Toads, salamanders and some species of frogs may even use a backyard that does not have a pond as long as the type of shelter, described above, is provided. Salamanders will most likely be attracted to areas of heavy deciduous leaf litter where their main food sources - insects, spiders, slugs and worms - can be found and where the moist microclimate prevents their skin from drying out. If you can leave a patch of ground in the treed of your area unraked, you will be creating excellent salamander habitat (not to mention all the ground-feeding birds you’ll attract as well!).

Drier areas around a pond can be made attractive to reptiles by setting up rock piles or stone walls. A portion of this area should be fully exposed to the sun to provide an essential warming area. The rest of the area should be shaded.


Trees with densely packed branches provide secure hiding, nesting and roosting sites for birds. Conifers offer the most thermal protection during the winter while deciduous trees and shrubs are an important source of shelter during the spring and summer. Temporary coniferous cover can be added to a yard during the winter by setting out old Christmas trees. Snags (described above) also provide important shelter.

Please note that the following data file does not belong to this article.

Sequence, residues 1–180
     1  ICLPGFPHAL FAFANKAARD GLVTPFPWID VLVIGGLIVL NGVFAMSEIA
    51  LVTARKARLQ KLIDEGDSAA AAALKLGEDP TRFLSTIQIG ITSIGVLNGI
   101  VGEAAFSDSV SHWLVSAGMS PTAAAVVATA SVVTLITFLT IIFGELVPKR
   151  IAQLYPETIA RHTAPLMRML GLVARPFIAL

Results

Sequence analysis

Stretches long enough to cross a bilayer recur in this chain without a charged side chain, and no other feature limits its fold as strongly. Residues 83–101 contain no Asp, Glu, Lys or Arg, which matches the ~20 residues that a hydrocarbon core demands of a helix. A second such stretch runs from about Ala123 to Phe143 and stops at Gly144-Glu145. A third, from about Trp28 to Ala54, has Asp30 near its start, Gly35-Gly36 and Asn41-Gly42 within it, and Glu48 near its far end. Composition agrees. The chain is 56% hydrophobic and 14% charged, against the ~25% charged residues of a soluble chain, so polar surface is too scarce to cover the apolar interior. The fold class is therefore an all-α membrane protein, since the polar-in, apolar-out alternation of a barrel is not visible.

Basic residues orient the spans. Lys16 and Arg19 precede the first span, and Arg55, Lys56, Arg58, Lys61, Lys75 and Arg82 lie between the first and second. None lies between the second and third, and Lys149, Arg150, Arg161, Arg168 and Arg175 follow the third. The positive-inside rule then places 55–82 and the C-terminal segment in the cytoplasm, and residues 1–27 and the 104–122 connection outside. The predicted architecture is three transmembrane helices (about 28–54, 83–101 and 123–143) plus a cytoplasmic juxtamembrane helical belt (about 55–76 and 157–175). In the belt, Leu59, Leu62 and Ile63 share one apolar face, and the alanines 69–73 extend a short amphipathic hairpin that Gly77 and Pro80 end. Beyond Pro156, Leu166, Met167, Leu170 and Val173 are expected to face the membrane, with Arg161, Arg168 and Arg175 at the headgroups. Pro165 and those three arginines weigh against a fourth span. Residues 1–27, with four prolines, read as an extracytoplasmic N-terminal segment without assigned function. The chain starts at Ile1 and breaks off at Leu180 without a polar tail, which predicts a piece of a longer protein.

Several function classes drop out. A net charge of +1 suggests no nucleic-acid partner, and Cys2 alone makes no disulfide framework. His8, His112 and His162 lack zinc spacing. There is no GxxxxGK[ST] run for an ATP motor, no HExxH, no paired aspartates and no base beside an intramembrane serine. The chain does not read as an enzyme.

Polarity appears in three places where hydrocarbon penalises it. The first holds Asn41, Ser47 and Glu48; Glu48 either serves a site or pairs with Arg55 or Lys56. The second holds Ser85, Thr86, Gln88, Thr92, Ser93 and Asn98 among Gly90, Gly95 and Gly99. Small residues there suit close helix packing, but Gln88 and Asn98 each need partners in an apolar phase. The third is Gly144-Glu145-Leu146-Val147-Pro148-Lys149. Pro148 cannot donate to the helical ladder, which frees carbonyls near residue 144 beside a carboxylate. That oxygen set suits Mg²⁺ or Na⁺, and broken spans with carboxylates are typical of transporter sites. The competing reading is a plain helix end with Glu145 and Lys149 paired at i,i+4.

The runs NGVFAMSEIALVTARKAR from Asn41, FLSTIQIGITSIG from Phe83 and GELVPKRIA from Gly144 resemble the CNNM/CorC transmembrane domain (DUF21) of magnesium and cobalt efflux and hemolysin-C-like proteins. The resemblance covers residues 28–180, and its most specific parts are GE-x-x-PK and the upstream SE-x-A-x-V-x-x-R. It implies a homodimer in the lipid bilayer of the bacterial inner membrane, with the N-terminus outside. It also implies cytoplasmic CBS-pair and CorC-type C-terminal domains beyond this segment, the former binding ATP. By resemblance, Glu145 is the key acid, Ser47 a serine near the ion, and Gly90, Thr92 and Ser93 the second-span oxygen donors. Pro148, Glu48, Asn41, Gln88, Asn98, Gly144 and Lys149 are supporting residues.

Nestboxes provide nesting sites for birds that require a hole, or cavity, in which to nest. Primary cavity-nesting species, such as woodpeckers, are adapted to create their own cavities by excavating holes in tree trunks. Secondary cavity nesters also require cavities for nesting, but because they lack the adaptations necessary for excavating, rely on pre-existing cavities. Because of this ready acceptance of "second-hand housing", most species of secondary cavity-nesting birds will readily accept "artificial" nesting structures such as nestboxes, gourds, etc. In Canada, the most common secondary cavity-nesting birds include chickadees (Black-capped and Boreal), bluebirds (Eastern, Western and Mountain), Tree Swallows and House Wrens. The most common larger cavity nesters include ducks (Wood Duck, Common Goldeneye, Bufflehead), American Kestrels and Saw-whet Owls. In urban areas, the native species most likely to take up residence in a nestbox are Tree Swallows and House Wrens. If you are interested in detailed information about cavity-nesting birds, we suggest you order a copy of our book Nestboxes for Prairie Birds (see part one of this section for ordering information.). Nestbox dimensions for all cavity-nesters is included with the information package, available from Ellis Bird Farm (see introduction).